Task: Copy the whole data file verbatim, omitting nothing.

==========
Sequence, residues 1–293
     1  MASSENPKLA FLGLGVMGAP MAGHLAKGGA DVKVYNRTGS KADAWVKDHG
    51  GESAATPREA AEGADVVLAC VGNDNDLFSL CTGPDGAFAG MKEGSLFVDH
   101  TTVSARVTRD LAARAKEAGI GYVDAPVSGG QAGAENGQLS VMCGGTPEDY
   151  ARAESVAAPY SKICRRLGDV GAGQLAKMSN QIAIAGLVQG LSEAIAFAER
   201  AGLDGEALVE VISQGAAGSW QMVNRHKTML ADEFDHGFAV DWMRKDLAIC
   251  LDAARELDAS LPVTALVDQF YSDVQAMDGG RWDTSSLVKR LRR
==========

Sequence, residues 1–293
     1  MASSENPKLA FLGLGVMGAP MAGHLAKGGA DVKVYNRTGS KADAWVKDHG
    51  GESAATPREA AEGADVVLAC VGNDNDLFSL CTGPDGAFAG MKEGSLFVDH
   101  TTVSARVTRD LAARAKEAGI GYVDAPVSGG QAGAENGQLS VMCGGTPEDY
   151  ARAESVAAPY SKICRRLGDV GAGQLAKMSN QIAIAGLVQG LSEAIAFAER
   201  AGLDGEALVE VISQGAAGSW QMVNRHKTML ADEFDHGFAV DWMRKDLAIC
   251  LDAARELDAS LPVTALVDQF YSDVQAMDGG RWDTSSLVKR LRR